Champion is frustrated that the Army didn’t do more to help Gilbert. She believes the stigma against seeking out mental-health services remains strong.

And many soldiers still believe that seeking out such help is seen as a sign of weakness that could hurt their career.

“Jonathon was never one for talking with someone. But if he had been made to see someone — and trusted them — it might have had a totally different outcome,” said Champion.

In the aftermath of recent suicides, Army commanders at the base have been told to closely track monthly suicide-risk assessments conducted by leaders within each unit.

Squad leaders help rate suicide potential of the soldiers in their unit. Those assessments are reviewed by company and battalion commanders, who can then come up with possible ways to assist the soldier.

If a soldier appears to be at risk due to marital stress, for example, he or she may be referred to a marriage counselor.

“Units continue to conduct risk identification and intervention training, and address reasons people might hesitate to seek help and counseling,” said Lt. Col. Gary Dangerfield, a base spokesman.

In addition to that effort, the Army medical corps has a “five-touch” program to try to reduce suicides.

Soldiers are screened before they are deployed overseas, and rated for suicide risk before they return from a war zone.

They are evaluated by a health provider upon their return, then must have a meeting with a counselor 90 to 180 days after that.

Finally, they are assessed for risk as part of their annual medical checkups, according to Dr. Daniel Christensen, a clinical psychologist at Madigan Army Medical Center.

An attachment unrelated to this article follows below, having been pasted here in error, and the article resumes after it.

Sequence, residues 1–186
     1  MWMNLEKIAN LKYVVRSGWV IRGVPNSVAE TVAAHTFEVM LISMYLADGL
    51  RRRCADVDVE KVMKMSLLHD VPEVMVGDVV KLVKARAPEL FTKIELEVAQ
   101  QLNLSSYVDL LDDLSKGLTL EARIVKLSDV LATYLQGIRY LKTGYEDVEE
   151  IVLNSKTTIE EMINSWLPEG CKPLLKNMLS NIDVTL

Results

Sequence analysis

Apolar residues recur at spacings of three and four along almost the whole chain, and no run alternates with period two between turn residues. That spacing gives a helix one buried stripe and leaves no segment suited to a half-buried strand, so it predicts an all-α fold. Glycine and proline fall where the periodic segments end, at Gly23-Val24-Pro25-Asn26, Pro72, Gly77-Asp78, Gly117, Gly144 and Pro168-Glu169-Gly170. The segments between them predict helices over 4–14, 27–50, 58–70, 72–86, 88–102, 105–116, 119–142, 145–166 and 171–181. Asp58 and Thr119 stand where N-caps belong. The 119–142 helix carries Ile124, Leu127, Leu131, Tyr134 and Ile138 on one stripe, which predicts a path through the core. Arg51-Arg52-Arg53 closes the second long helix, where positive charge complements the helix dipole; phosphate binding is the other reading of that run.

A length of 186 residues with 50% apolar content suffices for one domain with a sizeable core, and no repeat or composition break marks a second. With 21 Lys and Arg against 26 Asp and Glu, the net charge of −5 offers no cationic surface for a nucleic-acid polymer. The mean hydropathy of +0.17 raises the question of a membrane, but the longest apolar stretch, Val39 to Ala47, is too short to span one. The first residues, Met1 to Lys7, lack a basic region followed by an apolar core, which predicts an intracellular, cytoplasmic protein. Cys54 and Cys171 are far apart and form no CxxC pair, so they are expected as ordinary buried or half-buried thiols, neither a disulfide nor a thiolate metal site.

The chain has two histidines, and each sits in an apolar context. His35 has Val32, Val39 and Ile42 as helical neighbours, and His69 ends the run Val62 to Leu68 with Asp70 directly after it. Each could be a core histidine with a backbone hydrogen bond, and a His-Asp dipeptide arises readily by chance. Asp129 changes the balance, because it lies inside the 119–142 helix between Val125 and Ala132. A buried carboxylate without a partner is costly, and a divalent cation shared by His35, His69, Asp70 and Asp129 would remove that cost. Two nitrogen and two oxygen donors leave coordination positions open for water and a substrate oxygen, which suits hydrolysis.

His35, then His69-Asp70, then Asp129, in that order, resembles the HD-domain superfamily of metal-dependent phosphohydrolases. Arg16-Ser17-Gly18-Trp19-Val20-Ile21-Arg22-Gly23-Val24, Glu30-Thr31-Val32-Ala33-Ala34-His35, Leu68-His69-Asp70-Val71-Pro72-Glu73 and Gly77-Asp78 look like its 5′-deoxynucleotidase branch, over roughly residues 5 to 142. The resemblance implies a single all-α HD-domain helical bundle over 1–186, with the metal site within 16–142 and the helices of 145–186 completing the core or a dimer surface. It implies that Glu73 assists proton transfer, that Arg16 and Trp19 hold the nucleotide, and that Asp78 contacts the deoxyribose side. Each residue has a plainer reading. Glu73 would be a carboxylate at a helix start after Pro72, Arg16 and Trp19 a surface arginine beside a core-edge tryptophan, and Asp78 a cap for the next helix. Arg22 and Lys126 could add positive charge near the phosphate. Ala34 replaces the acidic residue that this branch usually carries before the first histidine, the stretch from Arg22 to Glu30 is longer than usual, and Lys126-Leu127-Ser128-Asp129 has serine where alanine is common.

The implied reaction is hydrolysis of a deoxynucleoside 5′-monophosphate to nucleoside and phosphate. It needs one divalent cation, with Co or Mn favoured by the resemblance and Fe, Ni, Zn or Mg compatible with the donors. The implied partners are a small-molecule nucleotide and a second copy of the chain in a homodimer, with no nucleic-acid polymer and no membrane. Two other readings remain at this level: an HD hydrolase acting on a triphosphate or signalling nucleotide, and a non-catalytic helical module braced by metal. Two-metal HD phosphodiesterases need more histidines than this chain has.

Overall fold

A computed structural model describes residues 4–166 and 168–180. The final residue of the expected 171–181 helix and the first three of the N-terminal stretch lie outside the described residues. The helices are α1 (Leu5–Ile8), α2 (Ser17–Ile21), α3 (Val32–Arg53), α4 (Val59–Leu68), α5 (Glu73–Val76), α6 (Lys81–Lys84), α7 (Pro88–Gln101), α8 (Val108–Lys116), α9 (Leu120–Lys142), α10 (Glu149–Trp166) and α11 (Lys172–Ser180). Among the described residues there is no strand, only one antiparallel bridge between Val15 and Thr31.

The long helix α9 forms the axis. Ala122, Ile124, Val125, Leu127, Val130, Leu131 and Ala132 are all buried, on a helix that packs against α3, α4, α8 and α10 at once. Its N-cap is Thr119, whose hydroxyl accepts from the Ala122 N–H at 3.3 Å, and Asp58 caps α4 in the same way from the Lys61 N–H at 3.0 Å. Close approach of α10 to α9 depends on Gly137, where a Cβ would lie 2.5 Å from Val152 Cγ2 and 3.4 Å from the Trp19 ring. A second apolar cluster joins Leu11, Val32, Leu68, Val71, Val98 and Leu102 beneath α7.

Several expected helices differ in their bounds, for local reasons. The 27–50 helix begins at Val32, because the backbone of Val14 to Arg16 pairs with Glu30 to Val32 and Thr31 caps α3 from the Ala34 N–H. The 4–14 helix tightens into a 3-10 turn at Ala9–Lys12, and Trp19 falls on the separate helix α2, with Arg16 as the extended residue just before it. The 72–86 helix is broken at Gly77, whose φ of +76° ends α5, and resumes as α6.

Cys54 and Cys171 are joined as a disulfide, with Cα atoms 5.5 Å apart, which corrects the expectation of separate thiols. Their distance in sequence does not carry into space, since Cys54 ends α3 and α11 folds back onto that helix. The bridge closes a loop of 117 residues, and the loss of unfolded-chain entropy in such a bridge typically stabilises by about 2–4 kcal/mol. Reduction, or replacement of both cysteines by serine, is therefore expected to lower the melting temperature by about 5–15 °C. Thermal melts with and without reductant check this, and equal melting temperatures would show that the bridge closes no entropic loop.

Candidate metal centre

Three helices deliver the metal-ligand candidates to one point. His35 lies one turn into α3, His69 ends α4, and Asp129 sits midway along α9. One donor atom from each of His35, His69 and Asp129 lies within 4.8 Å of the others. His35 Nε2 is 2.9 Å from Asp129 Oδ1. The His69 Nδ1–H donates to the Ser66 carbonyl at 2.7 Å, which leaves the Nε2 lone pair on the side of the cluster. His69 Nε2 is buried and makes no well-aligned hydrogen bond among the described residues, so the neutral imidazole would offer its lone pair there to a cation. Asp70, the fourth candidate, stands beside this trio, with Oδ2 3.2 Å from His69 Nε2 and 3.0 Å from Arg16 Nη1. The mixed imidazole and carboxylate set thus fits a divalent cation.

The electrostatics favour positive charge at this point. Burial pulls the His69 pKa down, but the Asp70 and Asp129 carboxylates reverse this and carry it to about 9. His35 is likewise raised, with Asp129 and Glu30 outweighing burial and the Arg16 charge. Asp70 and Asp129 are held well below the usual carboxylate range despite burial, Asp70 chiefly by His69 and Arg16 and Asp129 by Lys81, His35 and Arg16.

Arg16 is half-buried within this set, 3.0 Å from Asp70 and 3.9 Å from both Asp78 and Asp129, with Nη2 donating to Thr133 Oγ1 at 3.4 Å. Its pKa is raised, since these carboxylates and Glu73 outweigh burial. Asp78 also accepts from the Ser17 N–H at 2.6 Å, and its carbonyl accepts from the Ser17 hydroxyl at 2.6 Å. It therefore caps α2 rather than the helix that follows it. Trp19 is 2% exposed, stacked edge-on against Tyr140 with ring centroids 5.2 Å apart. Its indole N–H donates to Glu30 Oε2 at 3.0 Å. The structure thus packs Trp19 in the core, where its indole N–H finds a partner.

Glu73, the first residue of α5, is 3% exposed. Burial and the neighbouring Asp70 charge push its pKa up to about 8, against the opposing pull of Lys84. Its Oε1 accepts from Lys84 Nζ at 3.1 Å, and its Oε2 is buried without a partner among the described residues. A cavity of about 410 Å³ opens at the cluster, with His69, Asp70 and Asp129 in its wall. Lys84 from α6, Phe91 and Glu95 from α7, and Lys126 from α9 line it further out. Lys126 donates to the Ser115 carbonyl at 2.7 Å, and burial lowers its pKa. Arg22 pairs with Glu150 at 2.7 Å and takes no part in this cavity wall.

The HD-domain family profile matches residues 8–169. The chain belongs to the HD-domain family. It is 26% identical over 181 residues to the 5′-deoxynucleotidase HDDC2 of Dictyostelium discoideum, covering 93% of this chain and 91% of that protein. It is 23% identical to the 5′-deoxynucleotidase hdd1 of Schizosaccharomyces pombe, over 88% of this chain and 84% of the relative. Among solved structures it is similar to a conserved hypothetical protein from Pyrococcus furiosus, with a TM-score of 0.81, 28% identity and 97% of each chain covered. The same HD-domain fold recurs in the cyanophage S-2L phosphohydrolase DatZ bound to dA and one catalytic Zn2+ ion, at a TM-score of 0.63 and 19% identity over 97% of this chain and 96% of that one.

The Army also has civilian counselors assigned to different units to help soldiers and their families cope with the stresses of military life.

“The dilemma that we face is there is a lot of focus on suicides when they occur. … In hindsight, looking back, what is hard to measure is the suicides that have been prevented,” said Christensen.

Ashley Joppa-Hagemann, of Yelm, is the widow of Staff Sgt. Jared Hagemann, 25, an Army Ranger whose body was found in late June at a training area at Lewis-McChord. His wife said it was a suicide, though the Army would not confirm that.

Joppa-Hagemann said her husband had deployed to combat zones eight times, including after briefly being admitted in 2009 to Madigan Army Medical Center, where she said he was diagnosed with post-traumatic stress disorder.

In his final months of life, she said her husband was increasingly desperate to get out of a scheduled ninth deployment this year.

“He actually had a gun to his head at least three times that last month talking about wanting to kill himself,” said Joppa-Hagemann. “They pretty much backed him into a corner.”

She said the Thurston County Sheriff’s Department, which responded to the suicide threats, said they would contact her husband’s command.

The Army Rangers have yet to schedule a memorial service for her husband. She said she was told that was due to concerns that the service might generate media coverage.

Master Sgt. Eric Hendrix, a spokesman for the Special Operations Command that includes the Rangers, said it is unclear what caused Hagemann’s death and declined to comment on memorial-service plans.

“I know that she (Joppa-Hagemann) is in a lot of pain, and the Army is making a concerted effort to make sure that she is taken care of,” said Hendrix.